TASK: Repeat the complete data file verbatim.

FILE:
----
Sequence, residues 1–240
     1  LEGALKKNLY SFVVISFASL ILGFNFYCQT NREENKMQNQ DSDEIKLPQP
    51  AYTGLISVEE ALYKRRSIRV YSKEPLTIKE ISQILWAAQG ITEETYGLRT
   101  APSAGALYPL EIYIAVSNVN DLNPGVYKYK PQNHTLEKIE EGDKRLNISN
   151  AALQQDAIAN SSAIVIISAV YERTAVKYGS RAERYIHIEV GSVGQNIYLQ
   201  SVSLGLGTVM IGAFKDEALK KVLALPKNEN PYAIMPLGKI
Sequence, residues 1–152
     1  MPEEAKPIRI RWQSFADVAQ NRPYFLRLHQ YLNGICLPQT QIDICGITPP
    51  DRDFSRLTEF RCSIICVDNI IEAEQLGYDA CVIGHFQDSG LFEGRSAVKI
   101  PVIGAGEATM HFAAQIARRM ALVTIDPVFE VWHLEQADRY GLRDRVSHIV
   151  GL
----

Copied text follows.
Sequence, residues 1–240
     1  LEGALKKNLY SFVVISFASL ILGFNFYCQT NREENKMQNQ DSDEIKLPQP
    51  AYTGLISVEE ALYKRRSIRV YSKEPLTIKE ISQILWAAQG ITEETYGLRT
   101  APSAGALYPL EIYIAVSNVN DLNPGVYKYK PQNHTLEKIE EGDKRLNISN
   151  AALQQDAIAN SSAIVIISAV YERTAVKYGS RAERYIHIEV GSVGQNIYLQ
   201  SVSLGLGTVM IGAFKDEALK KVLALPKNEN PYAIMPLGKI
Sequence, residues 1–152
     1  MPEEAKPIRI RWQSFADVAQ NRPYFLRLHQ YLNGICLPQT QIDICGITPP
    51  DRDFSRLTEF RCSIICVDNI IEAEQLGYDA CVIGHFQDSG LFEGRSAVKI
   101  PVIGAGEATM HFAAQIARRM ALVTIDPVFE VWHLEQADRY GLRDRVSHIV
   151  GL